Sunday, April 21, 2013

Nostalgia Theater: The Brief Rise and Immediate Extinction of Dinosaucers

As we know, the 1980s was a time when G.I. Joe and Transformers ruled the roost when it came to boys' kidvid, but that didn't stop a whole lot of challengers to the throne from popping up and attempting to dethrone the co-kings. For example, there was M.A.S.K. and C.O.P.S., not to mention Bionic Six and Centurions, all of which found some degree of success with their piece of the pie. Another, less successful example, which came and went briefly between fall of '87 and spring of '88 was Dinosaucers.

Combining kids' well-established love of dinosaurs with the toyetic "good guy team vs. bad guy team" dynamic that pretty much typified most boys' fare of the era, Dinosaucers was a marketer's dream come true. But what probably sounded like a great idea at the pitch stage (conceived by Michael Uslan & Ben Melniker, the duo whose biggest claim to fame is a producing credit on every single Batman feature from the '80s on) faltered a bit when it came to actual execution (by animation house DiC -- yep, them again):

Yeah, so that's pretty goofy. Dinosaucers premiered in syndication in mid-September 1987, and the Transformers influence is just all over the thing. Teen(s) befriend giant, technologically advanced aliens who happen to resemble Earthly conveyances/creatures, all the while doing battle with an evenly-matched cadre of similarly advantaged baddies. But somehow, "Allo" and "Genghis Rex" didn't quite make the same lasting impression with kiddies that "Optimus Prime" and "Megatron" did just a few years prior.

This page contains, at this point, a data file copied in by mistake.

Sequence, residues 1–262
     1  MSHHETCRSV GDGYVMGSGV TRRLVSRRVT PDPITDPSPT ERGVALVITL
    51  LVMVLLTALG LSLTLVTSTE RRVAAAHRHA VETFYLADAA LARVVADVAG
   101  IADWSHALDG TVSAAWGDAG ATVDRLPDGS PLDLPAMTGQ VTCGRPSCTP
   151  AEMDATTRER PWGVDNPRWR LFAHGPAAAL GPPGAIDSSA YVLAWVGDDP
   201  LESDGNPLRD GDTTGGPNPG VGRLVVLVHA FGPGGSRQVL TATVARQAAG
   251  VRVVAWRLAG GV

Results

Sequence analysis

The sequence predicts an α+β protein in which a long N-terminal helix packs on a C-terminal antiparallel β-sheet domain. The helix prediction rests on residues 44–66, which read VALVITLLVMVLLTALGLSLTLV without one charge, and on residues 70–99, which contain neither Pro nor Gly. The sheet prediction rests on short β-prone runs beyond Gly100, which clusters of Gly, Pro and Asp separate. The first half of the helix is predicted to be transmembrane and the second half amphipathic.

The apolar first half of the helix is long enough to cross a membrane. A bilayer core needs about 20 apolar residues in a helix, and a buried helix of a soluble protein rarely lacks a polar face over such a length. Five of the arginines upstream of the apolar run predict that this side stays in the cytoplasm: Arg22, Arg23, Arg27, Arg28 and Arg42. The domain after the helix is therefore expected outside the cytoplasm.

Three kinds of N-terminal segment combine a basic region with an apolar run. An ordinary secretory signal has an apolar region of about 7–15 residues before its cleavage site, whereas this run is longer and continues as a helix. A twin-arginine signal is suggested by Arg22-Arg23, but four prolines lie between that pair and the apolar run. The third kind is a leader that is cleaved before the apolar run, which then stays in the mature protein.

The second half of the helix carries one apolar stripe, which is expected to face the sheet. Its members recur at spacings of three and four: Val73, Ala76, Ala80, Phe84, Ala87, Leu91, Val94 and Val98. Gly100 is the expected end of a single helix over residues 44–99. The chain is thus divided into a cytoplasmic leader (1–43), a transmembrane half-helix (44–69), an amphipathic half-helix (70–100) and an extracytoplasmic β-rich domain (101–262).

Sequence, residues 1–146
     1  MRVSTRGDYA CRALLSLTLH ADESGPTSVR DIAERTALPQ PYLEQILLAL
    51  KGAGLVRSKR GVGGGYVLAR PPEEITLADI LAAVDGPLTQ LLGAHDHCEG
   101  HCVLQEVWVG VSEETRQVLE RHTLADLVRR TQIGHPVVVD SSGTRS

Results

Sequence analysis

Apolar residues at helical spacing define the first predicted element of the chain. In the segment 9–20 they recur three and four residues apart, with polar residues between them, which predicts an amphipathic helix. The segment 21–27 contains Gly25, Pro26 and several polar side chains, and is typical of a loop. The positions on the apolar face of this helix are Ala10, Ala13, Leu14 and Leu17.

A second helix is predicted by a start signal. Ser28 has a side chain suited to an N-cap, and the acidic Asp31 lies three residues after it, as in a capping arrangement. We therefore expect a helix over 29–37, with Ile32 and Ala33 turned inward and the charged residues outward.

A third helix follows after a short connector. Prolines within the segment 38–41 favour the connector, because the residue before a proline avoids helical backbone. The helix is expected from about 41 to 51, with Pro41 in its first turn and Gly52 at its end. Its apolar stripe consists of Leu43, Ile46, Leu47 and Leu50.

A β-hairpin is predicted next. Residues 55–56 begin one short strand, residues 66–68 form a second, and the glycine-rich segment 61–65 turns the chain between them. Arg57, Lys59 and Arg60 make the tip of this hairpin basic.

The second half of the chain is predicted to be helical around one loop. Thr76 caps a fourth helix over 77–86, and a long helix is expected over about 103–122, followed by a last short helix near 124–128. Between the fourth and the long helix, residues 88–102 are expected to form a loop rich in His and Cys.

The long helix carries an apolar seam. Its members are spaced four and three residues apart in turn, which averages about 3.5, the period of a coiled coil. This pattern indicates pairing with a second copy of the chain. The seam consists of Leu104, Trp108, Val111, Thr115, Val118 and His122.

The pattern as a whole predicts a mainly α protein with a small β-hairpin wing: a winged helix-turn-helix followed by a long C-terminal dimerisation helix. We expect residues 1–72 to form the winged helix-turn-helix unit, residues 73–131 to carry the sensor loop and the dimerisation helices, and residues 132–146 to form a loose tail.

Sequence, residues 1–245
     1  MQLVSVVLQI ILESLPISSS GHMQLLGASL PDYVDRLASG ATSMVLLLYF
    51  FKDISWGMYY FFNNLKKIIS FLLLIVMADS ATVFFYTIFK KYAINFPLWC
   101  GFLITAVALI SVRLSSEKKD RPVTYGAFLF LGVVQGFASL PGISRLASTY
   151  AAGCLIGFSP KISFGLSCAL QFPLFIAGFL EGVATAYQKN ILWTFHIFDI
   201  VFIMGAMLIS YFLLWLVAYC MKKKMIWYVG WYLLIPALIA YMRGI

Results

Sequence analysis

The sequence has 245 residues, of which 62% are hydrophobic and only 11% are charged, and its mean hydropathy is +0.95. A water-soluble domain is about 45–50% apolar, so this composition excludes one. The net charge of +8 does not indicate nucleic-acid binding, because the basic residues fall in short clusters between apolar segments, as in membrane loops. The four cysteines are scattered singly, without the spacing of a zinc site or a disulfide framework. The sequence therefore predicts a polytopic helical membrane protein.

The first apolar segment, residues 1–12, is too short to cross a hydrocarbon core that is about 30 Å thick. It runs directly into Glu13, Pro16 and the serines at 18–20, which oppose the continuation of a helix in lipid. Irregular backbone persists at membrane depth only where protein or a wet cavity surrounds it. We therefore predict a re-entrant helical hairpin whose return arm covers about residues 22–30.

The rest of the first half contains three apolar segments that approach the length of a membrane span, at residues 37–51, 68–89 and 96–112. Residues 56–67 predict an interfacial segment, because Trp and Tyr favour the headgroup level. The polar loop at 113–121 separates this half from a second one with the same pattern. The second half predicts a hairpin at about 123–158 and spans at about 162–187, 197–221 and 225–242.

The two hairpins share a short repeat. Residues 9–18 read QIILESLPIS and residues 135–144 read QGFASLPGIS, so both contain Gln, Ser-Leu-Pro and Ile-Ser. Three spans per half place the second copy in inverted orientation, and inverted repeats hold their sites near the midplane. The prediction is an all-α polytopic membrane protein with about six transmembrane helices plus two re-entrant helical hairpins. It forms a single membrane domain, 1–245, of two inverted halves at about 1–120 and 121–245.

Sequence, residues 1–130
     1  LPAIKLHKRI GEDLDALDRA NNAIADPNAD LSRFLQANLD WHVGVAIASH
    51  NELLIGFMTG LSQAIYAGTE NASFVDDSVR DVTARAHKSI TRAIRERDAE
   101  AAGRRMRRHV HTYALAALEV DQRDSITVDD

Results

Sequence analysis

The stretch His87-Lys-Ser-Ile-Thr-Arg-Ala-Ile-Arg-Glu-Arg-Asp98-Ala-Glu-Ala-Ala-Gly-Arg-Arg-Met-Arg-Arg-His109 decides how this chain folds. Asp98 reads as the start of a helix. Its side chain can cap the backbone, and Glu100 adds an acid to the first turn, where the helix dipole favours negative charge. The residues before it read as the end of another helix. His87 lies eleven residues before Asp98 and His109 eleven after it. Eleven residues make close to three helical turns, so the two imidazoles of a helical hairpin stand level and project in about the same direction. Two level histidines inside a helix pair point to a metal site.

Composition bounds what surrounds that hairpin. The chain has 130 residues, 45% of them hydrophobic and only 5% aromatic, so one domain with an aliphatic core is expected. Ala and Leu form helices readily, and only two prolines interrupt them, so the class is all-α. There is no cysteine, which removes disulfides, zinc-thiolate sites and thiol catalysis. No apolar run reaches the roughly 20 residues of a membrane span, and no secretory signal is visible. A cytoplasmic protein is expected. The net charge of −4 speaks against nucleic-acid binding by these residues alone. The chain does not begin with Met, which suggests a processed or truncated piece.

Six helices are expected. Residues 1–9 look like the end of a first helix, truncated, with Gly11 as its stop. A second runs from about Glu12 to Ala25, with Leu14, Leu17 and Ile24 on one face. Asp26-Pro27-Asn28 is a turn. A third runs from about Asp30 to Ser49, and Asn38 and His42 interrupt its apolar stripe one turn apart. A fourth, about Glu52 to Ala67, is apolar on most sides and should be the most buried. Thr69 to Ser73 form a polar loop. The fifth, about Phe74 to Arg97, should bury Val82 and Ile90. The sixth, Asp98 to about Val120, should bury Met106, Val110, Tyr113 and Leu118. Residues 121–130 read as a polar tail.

Just one look at that intro makes clear that Dinosaucers was created with merchandise in mind first, last, and intermediate, making it all the more surprising that nothing ever materialized. Though a toyline from Galoob got as far as the prototype stage, it didn't go into production for whatever reason, and when the ratings didn't justify the show continuing past 65 episodes, that was the end of that. I have no idea if the show would have fared better had the toys actually come out, but I'm gonna err on the side of "no."

While there's no DVD release as of yet, and no indication that one is forthcoming, the only way to watch Dinosaucers now is either via *ahem* extra-legal YouTube uploads, or a stream of the first 21 episodes available for purchase at Amazon. I opted to pursue the latter, more aboveboard avenue to re-sample the show, and let's just say I deeply, deeply miss the $26 bucks I blew through. Kids may love dinosaurs, but in the case of Dinosaucers, extinction was inevitable.

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